- ► 2017 (159)
- ► 2016 (172)
- ► 2015 (127)
- ► 2014 (118)
- ► 2013 (124)
- ► 2012 (147)
- Victor Heermann | Animal Crackers
- Irwyn Franklin | Harlem Is Heaven
- Thornton Freeland | Flying Down to Rio
- Mark Sandrich | Top Hat
- Roy Del Ruth | Broadway Melody of 1936 / Norman Ta...
- Victor Fleming, George Cukor, and Mervyn LeRoy | T...
- Michael Curtiz | Yankee Doddle Dandy
- Andrew L. Stone | Stormy Weather
- Busby Berkeley | The Gang's All Here
- Charles Walters | Easter Parade
- Michael Powell and Emeric Pressburger | The Red Sh...
- Stanley Donen | Royal Wedding
- Stanley Donen and Gene Kelly | Singing in the Rain...
- George Sidney | Kiss Me, Kate
- Vicente Minnelli | Brigadoon
- Michael Curtiz | White Christmas
- Richard Quine | My Sister Eileen
- Stanley Donen and Gene Kelly | It's Always Fair We...
- H. C. Potter | Three for the Show
- Fred Zinnemann | Oklahoma!
- Walter Lang | The King and I
- George Abbott and Stanley Donen | The Pajama Game
- George Abbott and Stanley Donen | Damn Yankees
- Jerome Robbins and Robert Wise | West Side Story
- Morton DaCosta | The Music Man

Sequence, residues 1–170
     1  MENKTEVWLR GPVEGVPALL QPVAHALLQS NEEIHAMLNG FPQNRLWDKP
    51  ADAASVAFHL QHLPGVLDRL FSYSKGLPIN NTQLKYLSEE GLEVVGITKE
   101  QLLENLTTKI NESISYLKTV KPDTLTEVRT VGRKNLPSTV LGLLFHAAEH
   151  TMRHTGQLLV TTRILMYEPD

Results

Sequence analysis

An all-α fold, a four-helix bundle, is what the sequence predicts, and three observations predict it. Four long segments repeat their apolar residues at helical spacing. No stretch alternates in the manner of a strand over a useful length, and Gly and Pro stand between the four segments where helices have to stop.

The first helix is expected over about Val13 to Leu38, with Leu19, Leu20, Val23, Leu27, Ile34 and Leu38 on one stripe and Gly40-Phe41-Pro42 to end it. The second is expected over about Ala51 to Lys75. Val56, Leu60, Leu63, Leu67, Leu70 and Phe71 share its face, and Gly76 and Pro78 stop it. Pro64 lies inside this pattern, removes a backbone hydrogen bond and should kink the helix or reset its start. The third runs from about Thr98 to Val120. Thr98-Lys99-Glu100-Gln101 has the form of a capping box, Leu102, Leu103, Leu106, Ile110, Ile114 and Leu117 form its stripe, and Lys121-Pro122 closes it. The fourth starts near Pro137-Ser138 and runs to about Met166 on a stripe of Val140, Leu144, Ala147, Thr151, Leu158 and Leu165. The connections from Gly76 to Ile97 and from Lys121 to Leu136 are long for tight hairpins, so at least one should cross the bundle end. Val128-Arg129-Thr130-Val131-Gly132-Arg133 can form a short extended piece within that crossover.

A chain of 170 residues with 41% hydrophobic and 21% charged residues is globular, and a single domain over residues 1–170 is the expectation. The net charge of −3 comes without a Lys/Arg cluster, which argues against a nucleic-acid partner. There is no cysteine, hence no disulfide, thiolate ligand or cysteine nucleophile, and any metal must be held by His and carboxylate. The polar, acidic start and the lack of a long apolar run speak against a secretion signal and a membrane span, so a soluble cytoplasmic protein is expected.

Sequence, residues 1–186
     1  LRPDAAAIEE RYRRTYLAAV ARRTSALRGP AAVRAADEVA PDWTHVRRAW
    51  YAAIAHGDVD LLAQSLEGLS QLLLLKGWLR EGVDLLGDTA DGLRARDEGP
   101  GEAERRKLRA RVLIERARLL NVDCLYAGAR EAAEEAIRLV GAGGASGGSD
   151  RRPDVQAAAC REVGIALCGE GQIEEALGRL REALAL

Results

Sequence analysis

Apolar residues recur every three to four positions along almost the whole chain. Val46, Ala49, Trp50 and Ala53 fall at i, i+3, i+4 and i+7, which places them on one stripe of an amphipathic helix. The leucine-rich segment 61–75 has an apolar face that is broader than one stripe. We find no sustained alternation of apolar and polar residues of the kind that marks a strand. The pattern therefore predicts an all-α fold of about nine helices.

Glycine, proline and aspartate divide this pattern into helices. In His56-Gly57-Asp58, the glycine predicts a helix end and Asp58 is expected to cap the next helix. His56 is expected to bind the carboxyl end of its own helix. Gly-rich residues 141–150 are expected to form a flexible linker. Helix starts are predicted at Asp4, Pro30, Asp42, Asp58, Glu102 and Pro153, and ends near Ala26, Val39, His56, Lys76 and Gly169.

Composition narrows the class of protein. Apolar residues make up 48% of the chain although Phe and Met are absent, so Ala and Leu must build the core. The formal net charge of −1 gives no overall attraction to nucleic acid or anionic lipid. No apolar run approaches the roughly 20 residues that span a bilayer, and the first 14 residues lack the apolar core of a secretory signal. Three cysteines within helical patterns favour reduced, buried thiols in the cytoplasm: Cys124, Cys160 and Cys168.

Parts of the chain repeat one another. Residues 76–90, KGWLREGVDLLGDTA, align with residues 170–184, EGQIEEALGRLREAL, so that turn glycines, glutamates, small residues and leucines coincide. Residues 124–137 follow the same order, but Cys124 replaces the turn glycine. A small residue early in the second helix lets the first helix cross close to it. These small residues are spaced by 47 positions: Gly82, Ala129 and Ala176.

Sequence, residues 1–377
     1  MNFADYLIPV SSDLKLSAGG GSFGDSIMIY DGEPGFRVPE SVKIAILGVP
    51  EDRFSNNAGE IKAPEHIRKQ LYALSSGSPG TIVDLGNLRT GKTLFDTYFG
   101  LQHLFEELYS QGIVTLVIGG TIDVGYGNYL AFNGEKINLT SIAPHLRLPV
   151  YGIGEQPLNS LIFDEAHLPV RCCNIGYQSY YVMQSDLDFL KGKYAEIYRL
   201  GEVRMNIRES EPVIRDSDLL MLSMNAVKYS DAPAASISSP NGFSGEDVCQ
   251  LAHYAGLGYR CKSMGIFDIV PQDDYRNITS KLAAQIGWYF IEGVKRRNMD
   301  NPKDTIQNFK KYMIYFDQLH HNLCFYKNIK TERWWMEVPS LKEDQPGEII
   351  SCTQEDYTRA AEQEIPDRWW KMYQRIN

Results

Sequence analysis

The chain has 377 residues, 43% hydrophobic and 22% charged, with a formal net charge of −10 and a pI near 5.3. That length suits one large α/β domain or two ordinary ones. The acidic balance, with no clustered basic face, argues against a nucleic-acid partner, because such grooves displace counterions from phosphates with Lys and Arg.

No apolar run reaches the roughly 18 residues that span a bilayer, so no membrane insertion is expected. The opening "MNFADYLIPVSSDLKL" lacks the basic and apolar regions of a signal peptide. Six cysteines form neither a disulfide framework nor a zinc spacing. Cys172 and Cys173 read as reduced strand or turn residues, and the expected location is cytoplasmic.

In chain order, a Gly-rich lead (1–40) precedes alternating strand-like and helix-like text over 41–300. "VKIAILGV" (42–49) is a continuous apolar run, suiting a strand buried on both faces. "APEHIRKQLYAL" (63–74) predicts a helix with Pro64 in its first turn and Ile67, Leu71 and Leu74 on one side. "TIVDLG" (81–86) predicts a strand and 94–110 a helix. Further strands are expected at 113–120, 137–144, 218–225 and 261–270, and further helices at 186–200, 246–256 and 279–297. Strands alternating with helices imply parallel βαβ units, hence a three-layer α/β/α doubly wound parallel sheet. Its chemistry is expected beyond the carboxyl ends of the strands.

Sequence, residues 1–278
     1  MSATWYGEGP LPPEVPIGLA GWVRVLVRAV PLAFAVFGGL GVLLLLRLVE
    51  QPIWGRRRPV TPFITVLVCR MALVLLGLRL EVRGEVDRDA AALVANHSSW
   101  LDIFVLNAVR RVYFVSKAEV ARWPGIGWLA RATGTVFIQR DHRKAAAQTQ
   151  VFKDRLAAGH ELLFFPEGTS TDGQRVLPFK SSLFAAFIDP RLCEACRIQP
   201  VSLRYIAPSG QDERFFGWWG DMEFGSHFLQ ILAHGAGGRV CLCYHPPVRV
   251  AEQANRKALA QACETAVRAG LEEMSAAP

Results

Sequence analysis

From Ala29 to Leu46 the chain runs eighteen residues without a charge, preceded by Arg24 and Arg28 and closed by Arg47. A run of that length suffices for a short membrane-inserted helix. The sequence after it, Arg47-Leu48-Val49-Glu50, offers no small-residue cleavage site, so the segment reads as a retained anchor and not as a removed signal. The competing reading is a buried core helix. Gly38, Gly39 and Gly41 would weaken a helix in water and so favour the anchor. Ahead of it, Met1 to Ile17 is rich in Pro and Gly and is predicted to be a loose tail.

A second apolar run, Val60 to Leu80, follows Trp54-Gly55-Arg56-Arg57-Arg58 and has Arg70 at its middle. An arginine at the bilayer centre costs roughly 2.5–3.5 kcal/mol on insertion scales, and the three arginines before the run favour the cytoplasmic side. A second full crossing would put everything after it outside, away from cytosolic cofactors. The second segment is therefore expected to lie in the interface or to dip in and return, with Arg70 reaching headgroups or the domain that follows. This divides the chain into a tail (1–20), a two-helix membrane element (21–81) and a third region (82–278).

- Carol Reed | Oliver
- Allan Dwan | Robin Hood
- ▼ July (27)
Wednesday, July 27, 2011
Walter Lang | The King and I
YUL BRYNNER AND DEBORAH KERR
by Douglas Messerli
Ernest Lehman (screenplay, based on the musical by Oscar Hammerstein II and Richard Rodgers, based on the book by Margaret Langdon), Walter Lang (director) The King and I / 1956
I’ve seen the film musical The King and I dozens of times, and I still don’t know whether Yul Brynner and Deborah Kerr can actually dance, but in the case of “Shall We Dance?” does it matter? If this isn’t a great dance number, I have no way of defining the genre.
Dressed absolutely beautifully, he in a royal red open coat and matching jodhpur-like pants, all woven through with gold braids, she in a beautiful silk gown with many underlayers of bustle and skirts, the two began the dance with what has almost become a subgenre of dance numbers: one teaching the other how to do it (think of Barbara Streisand in Hello, Dolly! or the lesson in how to Cha-cha-cha given by July Holiday’s two friends in Bells Are Ringing). But it quickly shifts, as Brynner recognizes there is something different in their positions from the other waltzers he observed.
With that shift the couple spin away on an exhilarating “1-2-3 and” rhythm that takes them around the huge palace room again and again until they literally run out breath, only to have the King announce: again!
Over the years in amateur and professional productions of this work, I have seen dresses slip to the floor and the dancers nearly stumble, but never did I think it ridiculous or have I ever laughed. The joyful sense of liberation this performance gives to both the dancers and viewers is at the heart of why dance is such a profound experience.
Los Angeles, April 16, 2011